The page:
Wed. Oct 4th, 2023
    Policy makers may overlook rising energy prices, says strategist

    According to investors, traders, and strategists, the upcoming release of updated inflation and interest-rate forecasts by the Federal Reserve will likely disregard the full impact of rising oil prices. Oil prices reached new highs in 2023, surpassing $90 a barrel, as a result of the extension of production cuts by Russia and Saudi Arabia. Despite concerns about inflation, it is uncertain if the increase in energy prices will spill over into the core inflation gauges that the Fed is primarily concerned about. As a result, policy makers may choose to overlook the impact of higher energy prices on their longer-term inflation and rate outlook. Energy and food are considered volatile components of inflation and are often not given much weight by the Fed. However, some traders believe that excluding oil from the equation could be a mistake, given other price pressures such as strikes by major U.S. automakers. The omission of oil could result in the market seeking its own inflation protection, causing inflation expectations to become unanchored.

    Traders and investors will be closely monitoring the Fed’s Summary of Economic Projections, particularly the fed-funds rate target for 2024. Policy makers had previously projected four 25-basis-point rate cuts for next year, along with inflation gradually decreasing towards 2% in 2024 and 2025. However, the expectation for no rate hike by the Fed on Wednesday suggests the possibility of rate cuts beginning in the middle or final half of next year. Inflation traders now anticipate seven straight months of 3%-plus readings on the annual headline CPI rate, complicating the Fed’s future actions.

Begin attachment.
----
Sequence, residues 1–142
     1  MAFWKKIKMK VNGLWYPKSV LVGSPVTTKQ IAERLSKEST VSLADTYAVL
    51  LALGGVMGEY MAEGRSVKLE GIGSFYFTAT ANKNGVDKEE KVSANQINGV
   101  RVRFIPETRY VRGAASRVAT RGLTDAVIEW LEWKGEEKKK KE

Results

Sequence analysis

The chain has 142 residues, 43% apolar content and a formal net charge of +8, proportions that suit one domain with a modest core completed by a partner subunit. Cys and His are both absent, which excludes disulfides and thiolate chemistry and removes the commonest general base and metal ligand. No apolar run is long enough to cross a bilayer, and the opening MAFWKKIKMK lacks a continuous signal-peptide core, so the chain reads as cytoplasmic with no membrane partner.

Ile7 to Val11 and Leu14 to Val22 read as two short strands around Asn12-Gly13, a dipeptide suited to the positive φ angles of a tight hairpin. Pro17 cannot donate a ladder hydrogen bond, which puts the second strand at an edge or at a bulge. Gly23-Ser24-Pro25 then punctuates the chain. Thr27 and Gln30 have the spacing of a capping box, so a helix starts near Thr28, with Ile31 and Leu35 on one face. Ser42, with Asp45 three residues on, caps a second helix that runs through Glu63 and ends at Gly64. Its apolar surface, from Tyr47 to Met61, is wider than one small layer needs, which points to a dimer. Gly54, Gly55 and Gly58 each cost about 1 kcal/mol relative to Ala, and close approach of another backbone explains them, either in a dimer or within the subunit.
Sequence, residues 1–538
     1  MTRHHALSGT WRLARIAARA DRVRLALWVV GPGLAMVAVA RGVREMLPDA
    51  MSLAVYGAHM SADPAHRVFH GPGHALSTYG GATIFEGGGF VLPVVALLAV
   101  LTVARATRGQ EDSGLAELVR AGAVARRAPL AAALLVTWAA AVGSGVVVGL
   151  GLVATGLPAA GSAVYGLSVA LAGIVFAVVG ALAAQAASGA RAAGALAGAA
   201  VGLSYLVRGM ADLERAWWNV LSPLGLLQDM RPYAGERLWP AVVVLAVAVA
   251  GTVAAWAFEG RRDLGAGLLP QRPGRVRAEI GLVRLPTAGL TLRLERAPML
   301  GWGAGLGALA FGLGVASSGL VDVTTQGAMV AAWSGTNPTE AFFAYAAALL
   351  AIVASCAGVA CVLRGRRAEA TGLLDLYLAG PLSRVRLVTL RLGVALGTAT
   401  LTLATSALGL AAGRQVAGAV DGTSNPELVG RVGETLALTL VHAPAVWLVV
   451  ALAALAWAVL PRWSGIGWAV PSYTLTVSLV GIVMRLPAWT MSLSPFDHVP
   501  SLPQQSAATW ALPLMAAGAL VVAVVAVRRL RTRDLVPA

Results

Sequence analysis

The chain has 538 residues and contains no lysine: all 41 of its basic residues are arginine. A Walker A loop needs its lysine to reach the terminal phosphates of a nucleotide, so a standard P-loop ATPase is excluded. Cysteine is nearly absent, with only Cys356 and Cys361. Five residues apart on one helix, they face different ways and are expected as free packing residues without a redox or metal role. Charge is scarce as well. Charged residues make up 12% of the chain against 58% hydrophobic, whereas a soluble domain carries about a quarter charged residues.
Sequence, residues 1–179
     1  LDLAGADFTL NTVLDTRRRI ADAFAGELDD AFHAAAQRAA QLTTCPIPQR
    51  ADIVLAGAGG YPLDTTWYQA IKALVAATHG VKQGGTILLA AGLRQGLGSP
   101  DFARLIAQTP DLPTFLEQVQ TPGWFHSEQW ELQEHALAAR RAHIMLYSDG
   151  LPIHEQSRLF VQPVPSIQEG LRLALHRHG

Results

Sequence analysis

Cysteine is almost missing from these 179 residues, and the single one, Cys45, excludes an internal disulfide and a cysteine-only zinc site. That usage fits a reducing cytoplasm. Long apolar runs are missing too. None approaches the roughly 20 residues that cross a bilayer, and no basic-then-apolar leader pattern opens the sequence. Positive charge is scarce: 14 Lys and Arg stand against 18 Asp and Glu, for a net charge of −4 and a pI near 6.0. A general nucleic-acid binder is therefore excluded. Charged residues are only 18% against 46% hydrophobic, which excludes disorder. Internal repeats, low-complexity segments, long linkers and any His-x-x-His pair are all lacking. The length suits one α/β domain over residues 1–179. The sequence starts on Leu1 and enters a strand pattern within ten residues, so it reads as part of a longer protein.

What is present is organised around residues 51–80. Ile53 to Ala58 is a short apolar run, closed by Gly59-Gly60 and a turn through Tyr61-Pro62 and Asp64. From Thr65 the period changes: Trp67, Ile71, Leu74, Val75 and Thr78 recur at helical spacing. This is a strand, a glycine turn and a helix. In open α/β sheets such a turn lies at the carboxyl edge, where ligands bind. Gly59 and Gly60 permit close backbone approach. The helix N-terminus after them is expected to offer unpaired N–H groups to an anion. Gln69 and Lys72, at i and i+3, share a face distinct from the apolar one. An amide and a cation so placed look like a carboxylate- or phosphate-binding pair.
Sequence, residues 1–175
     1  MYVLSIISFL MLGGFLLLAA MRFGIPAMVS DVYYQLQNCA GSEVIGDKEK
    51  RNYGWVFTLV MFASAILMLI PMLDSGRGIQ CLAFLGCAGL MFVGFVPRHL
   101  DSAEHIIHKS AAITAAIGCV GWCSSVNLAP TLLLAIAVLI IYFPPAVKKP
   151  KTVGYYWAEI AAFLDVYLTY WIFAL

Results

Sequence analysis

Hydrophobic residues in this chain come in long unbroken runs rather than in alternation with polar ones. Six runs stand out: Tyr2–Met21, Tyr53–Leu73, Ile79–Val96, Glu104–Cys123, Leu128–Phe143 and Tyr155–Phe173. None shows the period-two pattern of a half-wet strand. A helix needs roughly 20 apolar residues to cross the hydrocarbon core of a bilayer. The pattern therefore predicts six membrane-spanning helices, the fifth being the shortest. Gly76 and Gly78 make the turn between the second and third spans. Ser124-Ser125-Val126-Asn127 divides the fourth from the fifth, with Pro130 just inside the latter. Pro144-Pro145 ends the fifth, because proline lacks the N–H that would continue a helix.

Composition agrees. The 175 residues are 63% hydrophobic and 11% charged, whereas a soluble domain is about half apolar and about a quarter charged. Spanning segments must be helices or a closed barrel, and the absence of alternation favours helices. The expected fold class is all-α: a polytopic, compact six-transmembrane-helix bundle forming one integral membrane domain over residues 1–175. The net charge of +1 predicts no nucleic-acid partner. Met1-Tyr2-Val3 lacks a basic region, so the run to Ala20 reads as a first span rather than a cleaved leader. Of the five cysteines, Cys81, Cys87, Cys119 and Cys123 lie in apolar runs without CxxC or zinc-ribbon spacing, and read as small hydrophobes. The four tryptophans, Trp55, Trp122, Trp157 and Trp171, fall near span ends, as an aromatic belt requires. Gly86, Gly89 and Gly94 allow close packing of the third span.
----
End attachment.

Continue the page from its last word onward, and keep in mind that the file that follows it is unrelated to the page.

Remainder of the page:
Despite the potential impact of higher oil prices on rate projections, the general consensus is that the Fed’s rate decision had already been determined prior to these developments. While higher oil prices may have a modest impact, it is believed that it is too early for the narrative on disinflation to change. Ultimately, policy makers will likely focus on the broader economic indicators while downplaying the effects of rising energy prices.

    – Dow Jones Newswires
    – MarketWatch